“None of the people in the group that proposed the resolution had ever spoken with anyone from Israel, nor did they have any background as to the antisemitic position of the BDS movement,” says Slossberg.

“I shared with Lori how terribly offended I was that the labor movement in Connecticut would take this position and become the first labor organization in the country to take this vote without having done the appropriate homework, and how terribly wrong that was. After a very long and in-depth conversation, Lori recognized that this is a problem. She acknowledged that she had heard from a number of other people who had expressed similar concerns about the BDS movement and antisemitism, and said that she would look into what an appropriate response was.”

In a Nov. 18 email to her executive board, Pelletier explained that the AFL-CIO is an affiliate of the International Trade Union Confederation and is therefore bound to abide by its position that clearly rejects BDS. Resolution 7 was deemed contrary to national policy and therefore declared null and void.

Pelletier wrote, “As president of the state federation and as a member of the national board, I am obligated to uphold the position of the AFL-CIO on this issue, but just as important, since our convention, I have heard from community leaders, elected leaders and leaders within the labor movement, all of whom have expressed strong opinions, and after all these conversations it has become clear to me this is an emotional and complicated issue. So for our federation, the action of the national was in our best interest as well and I personally support it.”

Pelletier also announced plans to convene an educational program on the Israeli-Palestinian conflict.

She concluded, “Our state federation is and always will be committed to opposing antisemitism, Islamophobia, and all acts of racism, human rights violations and the exploitation of workers.”

Word from the blogosphere reached Robert Fishman, executive director of the Jewish Federation Association of Connecticut (JFACT) and Steve Ginsburg, director of the Anti-Defamation League Connecticut Region. The two sent a letter to Pelletier requesting a meeting, also representing the Jewish Community Relations Council of New Haven and the Jewish Community Relations Council of Greater Hartford. The letter writers cited a 2007 Statement of Opposition to Divestment From or Boycotts of Israel, signed by the presidents of every major U.S. labor union, as well as the AFL-CIO.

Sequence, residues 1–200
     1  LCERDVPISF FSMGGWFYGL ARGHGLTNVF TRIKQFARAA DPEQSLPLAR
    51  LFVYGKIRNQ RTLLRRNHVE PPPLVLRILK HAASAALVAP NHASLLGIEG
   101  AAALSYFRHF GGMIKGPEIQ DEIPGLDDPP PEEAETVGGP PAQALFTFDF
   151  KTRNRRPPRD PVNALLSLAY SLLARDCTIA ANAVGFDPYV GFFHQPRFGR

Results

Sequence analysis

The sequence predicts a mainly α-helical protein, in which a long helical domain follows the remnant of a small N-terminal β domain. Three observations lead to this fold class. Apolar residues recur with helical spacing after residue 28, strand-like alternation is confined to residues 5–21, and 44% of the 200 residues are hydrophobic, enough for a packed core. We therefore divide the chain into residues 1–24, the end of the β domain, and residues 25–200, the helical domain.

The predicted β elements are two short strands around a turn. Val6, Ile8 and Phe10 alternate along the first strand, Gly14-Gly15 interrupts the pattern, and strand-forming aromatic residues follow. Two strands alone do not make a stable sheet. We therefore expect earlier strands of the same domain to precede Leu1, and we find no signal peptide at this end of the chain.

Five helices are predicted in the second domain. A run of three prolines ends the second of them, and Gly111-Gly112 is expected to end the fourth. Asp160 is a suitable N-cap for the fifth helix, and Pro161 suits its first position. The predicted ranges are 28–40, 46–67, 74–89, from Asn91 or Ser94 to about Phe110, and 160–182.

According to Fishman, Pelletier did not respond to the letter or follow-up phone calls until State Representative David Baram contacted her, resulting in a Jan. 21 meeting between Pelletier, Fishman, and Ginsburg. There, Pelletier discussed her meeting with Slossberg and reported that the forthcoming educational program would be designed by Stuart Appelbaum, president of the Retail, Wholesale & Department Store Union; Julie Kushner, director of UAW Region 9A; and Arieh Lebowitz, associate director of the Jewish Labor Committee national office.

“Lori seemed very open to educating her leadership on this issue in a much broader way,” Ginsburg told the Ledger. “She’s open to building bridges with organizations like ADL in ways that have nothing to do with Israel, like [exploring] our A World of Difference or anti-bias and anti-bullying programming. We’re turning this into a way to build a great relationship between very important labor organizations and Jewish-run groups – where there is already a long history. We didn’t have those relationships with Lori before the union took this action and maybe they wouldn’t have if we had an ongoing dialogue.”

The Ledger contacted Pelletier, Appelbaum, and Kushner to learn more about the educational program. Calls and emails to Pelletier and Appelbaum have gone unanswered; a representative from Kushner’s office explained that the UAW leader was in negotiations and therefore unable to comment.

While Slossberg commends Pelletier’s “willingness and openness” to address the concern of fellow community leaders, she says Resolution 7 signifies a more critical matter.

“This should be a wake-up call to the Connecticut Jewish population and our friends,” Slossberg says. “There is a movement out there that is very well-organized and has made great headway and they are not our friends. We need to be aware, organized, educated and we need to speak up. We cannot afford to have another moment like this when we wake and discover that a very large group has decided that they don’t like us.”